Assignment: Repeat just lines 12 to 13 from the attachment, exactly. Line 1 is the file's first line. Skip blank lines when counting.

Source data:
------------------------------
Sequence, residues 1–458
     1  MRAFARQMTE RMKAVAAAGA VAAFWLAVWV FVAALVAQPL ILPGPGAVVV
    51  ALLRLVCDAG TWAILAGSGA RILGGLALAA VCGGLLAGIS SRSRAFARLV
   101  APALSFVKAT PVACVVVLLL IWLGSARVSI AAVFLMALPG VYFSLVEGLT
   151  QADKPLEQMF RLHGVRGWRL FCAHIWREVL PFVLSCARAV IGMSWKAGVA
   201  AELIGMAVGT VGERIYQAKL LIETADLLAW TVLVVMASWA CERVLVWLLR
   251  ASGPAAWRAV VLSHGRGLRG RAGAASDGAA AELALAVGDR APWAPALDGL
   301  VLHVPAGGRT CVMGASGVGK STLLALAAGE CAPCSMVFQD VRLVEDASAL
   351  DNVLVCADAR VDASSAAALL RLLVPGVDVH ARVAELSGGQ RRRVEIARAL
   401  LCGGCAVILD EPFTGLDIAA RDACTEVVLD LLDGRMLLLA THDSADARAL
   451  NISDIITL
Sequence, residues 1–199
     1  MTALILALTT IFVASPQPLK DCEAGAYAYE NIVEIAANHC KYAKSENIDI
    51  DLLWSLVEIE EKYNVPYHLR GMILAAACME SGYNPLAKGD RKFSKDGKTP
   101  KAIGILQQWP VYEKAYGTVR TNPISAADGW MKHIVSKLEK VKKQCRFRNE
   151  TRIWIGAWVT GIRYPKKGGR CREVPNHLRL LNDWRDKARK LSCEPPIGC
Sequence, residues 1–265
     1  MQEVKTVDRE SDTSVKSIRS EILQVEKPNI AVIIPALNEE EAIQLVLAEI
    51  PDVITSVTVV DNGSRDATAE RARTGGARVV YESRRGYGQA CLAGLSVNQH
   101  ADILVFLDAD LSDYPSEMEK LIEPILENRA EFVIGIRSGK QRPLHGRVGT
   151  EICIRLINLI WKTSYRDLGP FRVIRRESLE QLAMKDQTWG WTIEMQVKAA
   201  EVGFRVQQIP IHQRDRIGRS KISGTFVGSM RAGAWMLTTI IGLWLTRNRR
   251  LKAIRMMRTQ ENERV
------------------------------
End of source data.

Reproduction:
Sequence, residues 1–199
     1  MTALILALTT IFVASPQPLK DCEAGAYAYE NIVEIAANHC KYAKSENIDI